- a haughty attitude or temper; a contemptuous manner.
Origin of high horse
Examples from the Web for high horse
But she was foolish to get on her 'high-horse' and turn down my proposition.El Diablo
If she'd come off her high-horse the old man might leave a wad to Donnie.The Long Dim Trail
Forrestine C. Hooker
Then he got on his high-horse and told me to shut up or he would knock me down.The Mystery at Putnam Hall
Arthur M. Winfield
You wouldn't come off of your high-horse for anything, would you?From the Housetops
George Barr McCutcheon
Hugh was on his high-horse, and full of historic reminiscences.
Word Origin and History for high horse
originally (late 14c.) "fine, tall horse; war horse, charger" (high steed is from c.1300), also, like high hall, "status symbol;" figurative sense of "airs, easily wounded dignity" in mount (one's) high horse "affect airs of superiority" is from 1782 (Addison has to ride the great horse in the same sense, 1716). Cf. French monter sur ses grands chevaux; "The simile is common to most languages" [Farmer].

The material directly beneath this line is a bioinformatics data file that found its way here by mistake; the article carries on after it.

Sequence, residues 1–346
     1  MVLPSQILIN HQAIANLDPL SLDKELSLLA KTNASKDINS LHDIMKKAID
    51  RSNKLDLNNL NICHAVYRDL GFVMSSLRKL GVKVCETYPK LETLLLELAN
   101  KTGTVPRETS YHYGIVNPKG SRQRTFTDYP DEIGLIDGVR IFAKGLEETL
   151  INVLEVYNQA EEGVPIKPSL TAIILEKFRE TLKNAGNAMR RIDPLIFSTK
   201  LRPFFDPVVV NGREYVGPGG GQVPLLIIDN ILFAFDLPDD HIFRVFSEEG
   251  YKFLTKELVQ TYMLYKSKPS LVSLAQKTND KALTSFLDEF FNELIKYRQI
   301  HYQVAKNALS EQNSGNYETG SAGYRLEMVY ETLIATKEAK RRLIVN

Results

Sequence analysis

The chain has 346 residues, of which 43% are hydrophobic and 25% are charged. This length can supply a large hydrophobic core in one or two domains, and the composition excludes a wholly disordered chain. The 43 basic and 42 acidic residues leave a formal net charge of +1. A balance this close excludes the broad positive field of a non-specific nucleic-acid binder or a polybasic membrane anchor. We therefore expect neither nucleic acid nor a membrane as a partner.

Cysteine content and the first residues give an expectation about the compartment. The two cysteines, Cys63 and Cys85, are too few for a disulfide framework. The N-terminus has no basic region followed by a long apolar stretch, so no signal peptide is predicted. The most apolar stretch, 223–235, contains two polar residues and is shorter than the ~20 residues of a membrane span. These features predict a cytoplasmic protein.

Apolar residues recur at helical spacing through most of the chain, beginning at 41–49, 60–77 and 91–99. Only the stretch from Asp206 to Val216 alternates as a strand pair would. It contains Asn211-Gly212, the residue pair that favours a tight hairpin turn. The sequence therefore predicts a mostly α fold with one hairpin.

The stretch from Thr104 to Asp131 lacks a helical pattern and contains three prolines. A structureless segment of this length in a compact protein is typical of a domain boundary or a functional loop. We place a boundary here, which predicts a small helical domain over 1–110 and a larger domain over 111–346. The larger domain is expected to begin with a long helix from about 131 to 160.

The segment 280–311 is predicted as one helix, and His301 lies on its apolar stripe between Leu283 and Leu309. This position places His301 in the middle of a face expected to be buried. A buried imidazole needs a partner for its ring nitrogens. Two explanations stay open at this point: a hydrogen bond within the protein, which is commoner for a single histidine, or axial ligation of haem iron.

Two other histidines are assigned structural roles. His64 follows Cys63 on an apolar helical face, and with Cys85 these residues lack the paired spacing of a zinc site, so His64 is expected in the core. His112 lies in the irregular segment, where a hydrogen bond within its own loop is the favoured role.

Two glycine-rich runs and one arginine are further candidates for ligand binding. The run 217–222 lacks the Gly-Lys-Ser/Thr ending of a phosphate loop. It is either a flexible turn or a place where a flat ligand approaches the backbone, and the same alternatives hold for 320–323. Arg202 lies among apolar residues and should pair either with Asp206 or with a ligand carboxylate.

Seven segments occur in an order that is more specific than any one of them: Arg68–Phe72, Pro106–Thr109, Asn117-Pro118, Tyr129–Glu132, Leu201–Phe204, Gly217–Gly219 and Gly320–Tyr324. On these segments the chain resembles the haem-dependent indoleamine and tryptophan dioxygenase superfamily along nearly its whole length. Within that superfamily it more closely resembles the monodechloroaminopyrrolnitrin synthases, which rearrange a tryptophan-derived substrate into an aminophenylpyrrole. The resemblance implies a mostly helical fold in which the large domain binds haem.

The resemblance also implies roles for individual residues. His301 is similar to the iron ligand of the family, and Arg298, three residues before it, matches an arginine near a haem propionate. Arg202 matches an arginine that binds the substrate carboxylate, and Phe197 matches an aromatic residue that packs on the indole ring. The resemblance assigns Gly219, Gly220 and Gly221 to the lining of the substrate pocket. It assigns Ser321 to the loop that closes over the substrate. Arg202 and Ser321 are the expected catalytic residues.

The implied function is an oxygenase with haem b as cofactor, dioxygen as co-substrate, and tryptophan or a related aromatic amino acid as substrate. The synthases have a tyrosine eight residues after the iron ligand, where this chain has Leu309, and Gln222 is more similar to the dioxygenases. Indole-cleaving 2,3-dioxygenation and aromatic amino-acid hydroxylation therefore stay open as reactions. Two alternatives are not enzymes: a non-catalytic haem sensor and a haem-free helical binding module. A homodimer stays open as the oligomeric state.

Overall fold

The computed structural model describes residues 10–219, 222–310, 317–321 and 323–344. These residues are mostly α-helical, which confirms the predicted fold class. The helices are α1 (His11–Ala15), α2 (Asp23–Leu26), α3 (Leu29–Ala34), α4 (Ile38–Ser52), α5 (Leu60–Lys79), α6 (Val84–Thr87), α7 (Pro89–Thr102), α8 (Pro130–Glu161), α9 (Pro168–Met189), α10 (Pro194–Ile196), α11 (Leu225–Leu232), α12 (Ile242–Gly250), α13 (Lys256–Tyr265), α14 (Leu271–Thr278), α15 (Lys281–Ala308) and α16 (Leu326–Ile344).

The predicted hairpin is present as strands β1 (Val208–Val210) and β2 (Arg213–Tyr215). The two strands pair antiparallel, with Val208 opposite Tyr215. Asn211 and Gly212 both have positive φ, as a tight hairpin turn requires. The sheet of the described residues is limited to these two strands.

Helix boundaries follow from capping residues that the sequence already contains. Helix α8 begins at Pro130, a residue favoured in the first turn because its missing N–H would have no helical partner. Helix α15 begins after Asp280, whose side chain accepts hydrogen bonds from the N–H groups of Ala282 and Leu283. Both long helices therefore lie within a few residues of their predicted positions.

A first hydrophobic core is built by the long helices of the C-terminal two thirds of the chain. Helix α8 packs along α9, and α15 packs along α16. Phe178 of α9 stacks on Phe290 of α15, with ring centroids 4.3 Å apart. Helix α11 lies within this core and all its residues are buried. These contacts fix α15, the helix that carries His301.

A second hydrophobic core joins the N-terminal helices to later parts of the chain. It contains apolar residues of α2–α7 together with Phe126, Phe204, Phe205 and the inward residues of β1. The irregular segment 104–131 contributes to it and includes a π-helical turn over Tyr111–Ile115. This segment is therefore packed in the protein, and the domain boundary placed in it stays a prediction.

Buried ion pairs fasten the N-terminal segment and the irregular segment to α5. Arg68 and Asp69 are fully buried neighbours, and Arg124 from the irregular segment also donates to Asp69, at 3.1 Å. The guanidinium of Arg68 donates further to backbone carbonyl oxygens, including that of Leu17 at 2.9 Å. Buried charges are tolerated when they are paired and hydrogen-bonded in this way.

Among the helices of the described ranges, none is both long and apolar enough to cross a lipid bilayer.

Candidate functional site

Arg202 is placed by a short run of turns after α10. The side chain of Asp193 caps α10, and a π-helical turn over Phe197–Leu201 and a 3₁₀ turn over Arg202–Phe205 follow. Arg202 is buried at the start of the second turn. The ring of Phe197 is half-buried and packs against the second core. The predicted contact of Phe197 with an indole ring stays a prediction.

To be on one's “high horse” is to be disdainful or conceited: “Sally got tired of Peter's snobbery and finally told him to get off his high horse.”
Idioms and Phrases with high horse
see on one's high horse.